In the past two months, some amazing things have happened that I need to catch up on, and catch you up on. First, did you hear the amazing quotes from director Lexi Alexander (PUNISHER: WARZONE) about sexism in Hollywood? Her statements were re-posted on Indiewire's Women and Hollywood blog in January 2013:

There is no lack of female directors. Repeat after me: THERE IS NO LACK OF FEMALE DIRECTORS. But there is a huge lack of people willing to give female directors opportunities. I swear, if anyone near me even so much as whispers the sentence "Women probably don't want to direct," my fist will fly as a reflex action.

Side note: The previous statement labels me as "difficult".

Alexander's statement was prompted in part by the baffling treatment she had received earlier in 2013 when fans overwhelmingly supported her as the choice for the director of the all-female EXPENDABLES film. But partly she represents numerous women in the Director's Guild of America that feel they are given unequal treatment when it comes to hiring practices based solely on the basis of their sex. Alexander now self-deprecatingly jokes that she is the new "Gertrude Stein of filmmaking," but largely due to her outspoken attitude recently, and the diligent efforts and research of director Maria Giese and the Women Directors in Hollywood Blog, the ACLU is now conducting its own investigation into any sexism that women directors may face in Hollywood. Get ready for a lawsuit, sexists!

The ACLU's announcement was followed shortly thereafter by comedian Will Ferrell (I know, right? Who knew?)  launching a brand new division of his production company called Gloria Sanchez Productions to spearhead female-led film projects.  Now I have a reason to like Will Ferrell, which is really my one big take-away from this entire thing.

February 2014 was Women in Horror Month, and there were many awesome new film projects, film festivals, articles, exchanges, and artwork created in celebration. But since December 2013, I have been in the process of creating a new film festival (sort of). The Viscera Organization and the Viscera Film Festival officially disbanded in December 2013, with creator Shannon Lark and board member Lori Bowen finishing, screening, and promoting their new psychological-yet-gory horror film I AM MONSTER (you can check it out here at the official website: In January 2014, I decided to revamp the Etheria Film Festival, the science fiction and fantasy film festival that I had put together under the Viscera banner in Boston, Massachusetts, and move it to Hollywood, CA. The new Etheria Film Night will screen not only new science fiction and fantasy, but also horror, thriller, action, and even some comedy and drama – all directed by women. You can check out our official website here: We'll be screening the selections at the Egyptian Theater in Hollywood, California on July 12th, 2014 with the support of the American Cinematheque.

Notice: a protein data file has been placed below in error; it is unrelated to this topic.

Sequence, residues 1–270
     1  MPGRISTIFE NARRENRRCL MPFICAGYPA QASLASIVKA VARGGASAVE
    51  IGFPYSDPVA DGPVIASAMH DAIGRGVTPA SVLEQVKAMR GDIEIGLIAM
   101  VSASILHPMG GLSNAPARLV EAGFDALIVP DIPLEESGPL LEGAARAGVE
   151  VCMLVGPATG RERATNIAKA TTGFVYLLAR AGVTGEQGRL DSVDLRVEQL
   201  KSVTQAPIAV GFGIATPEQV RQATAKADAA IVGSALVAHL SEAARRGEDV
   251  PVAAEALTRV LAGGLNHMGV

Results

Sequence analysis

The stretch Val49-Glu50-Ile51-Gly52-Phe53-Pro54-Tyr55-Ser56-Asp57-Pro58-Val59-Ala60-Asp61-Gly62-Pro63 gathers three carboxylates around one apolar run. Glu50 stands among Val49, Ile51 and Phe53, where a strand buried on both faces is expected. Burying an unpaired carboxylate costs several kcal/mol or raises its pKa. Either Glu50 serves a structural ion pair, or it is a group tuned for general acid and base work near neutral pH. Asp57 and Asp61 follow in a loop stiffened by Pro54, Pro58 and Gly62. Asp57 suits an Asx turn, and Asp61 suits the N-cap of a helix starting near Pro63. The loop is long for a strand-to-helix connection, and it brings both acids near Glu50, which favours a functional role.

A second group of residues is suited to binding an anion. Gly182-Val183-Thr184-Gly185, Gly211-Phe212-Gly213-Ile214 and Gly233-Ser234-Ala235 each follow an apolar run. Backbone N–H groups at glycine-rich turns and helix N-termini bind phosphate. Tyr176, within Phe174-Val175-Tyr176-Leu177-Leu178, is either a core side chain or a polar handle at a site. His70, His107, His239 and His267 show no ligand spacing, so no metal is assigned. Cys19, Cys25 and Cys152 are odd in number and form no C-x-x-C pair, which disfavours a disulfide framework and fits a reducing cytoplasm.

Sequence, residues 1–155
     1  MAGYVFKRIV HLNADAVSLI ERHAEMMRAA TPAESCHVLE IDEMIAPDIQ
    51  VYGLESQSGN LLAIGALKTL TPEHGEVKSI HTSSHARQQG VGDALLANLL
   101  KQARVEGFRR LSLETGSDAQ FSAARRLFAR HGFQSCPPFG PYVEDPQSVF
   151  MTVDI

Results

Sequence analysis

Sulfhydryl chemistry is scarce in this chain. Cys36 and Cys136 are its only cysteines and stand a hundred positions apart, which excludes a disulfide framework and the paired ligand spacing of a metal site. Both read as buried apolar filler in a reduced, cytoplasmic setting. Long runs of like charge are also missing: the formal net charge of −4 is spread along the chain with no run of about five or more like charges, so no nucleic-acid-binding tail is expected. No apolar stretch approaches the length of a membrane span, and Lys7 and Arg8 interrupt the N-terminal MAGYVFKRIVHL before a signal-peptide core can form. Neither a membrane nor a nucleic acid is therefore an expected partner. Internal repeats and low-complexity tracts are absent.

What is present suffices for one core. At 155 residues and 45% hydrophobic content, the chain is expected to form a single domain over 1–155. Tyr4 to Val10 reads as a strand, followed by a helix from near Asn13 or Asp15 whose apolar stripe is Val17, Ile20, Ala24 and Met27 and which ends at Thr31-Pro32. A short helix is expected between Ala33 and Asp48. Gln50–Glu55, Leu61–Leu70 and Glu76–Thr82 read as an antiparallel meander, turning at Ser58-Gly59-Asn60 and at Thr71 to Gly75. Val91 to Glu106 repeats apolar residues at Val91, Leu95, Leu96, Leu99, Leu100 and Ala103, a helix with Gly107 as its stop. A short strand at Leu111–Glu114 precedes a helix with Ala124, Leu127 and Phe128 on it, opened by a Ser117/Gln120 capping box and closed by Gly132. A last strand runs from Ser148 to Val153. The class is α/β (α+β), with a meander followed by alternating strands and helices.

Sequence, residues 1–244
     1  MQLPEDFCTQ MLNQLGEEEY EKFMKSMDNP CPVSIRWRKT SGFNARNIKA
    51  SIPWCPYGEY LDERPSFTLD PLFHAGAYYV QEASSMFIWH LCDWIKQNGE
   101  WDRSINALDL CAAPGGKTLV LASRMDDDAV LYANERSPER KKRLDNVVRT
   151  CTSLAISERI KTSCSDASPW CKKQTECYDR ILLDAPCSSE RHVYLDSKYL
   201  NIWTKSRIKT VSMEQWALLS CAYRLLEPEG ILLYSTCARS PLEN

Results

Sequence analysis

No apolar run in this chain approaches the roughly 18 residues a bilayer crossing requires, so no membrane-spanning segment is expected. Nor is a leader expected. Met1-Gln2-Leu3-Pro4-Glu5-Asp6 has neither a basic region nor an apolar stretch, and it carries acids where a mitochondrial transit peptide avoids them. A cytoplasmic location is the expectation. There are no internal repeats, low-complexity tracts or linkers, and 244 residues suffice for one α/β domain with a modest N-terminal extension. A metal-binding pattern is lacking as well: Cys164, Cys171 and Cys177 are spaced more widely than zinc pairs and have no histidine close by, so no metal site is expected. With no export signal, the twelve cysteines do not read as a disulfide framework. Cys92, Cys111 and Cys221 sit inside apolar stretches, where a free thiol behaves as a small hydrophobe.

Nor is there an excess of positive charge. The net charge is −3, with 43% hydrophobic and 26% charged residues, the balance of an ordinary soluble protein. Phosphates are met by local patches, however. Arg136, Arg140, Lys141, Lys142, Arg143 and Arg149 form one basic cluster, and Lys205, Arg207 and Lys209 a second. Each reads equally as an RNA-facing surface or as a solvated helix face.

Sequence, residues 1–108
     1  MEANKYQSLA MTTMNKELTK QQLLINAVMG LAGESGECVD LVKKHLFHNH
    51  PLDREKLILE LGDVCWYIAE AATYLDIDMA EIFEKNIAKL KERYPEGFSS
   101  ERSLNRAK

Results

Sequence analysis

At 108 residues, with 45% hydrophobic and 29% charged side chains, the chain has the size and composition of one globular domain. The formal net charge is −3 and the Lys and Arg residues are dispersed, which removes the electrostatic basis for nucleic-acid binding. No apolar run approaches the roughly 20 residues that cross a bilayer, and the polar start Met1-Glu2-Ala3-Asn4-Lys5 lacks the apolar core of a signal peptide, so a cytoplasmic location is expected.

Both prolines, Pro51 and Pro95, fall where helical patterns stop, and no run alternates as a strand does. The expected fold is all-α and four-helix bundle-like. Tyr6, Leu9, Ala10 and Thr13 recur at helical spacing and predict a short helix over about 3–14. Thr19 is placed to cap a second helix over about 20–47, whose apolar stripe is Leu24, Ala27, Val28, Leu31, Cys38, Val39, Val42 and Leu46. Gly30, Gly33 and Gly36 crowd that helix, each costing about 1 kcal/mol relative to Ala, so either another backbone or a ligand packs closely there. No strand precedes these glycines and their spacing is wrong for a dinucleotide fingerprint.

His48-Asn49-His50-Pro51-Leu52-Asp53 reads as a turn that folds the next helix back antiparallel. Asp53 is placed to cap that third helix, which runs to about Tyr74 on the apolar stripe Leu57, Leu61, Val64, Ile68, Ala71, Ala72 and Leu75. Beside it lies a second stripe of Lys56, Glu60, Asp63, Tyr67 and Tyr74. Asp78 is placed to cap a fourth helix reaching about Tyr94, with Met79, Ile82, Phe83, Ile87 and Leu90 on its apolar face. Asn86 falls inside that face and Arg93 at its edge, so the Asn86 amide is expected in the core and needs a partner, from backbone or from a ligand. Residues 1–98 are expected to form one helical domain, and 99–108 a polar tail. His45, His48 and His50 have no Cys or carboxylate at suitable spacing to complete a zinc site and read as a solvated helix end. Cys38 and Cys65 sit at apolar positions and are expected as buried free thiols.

I also took that 6 weeks off to write a chapter in the film journal Celluloid Ceiling Spring 2014, thanks to the patience of my editor Professor Gabrielle Kelly, of NYU Tisch Singapore. It was fun. I wrote a lot about lesbians and feminism in European film history.

Hard at work on my book about women directors of horror films, I plan to finish that sometime before my 80th birthday. And no I continue blogging about stuff other women are doing. Carry on.

Barbara Stepanksy To Direct Thriller 6 FIGURES

Barbara Stepansky is on a roll. After her recent Nicholl Fellowship win, she's just signed on to direct a new thriller called 6 FIGURES starring Alexa Vega, Joanna Going,  and William Mapother.

Stranded in the Mojave Desert, four friends find a chest filled with $4 million and decide to carry it out on foot, beginning a grueling, two-day trek that culminates in lies, paranoia, and murder.

Doesn't that seem like it's always the way it goes, though, when you find a chest of treasure? The film hasn't started production yet, but I will be following it when it does.

Official Trailer For THE GIRL

Jennifer Blanc-Biehn's thriller THE GIRL finally has a  trailer. I should have posted this asap when it came out on Halloween, but some other shit happened and it delayed me. I've been seriously looking forward to Blanc-Biehn's flick since it was announced. Yes, that's Michael Biehn and Tia Carrere looking like they're having a blast playing crazzzzzzy:


First Trailer For Izabel Grondin's THE TABLE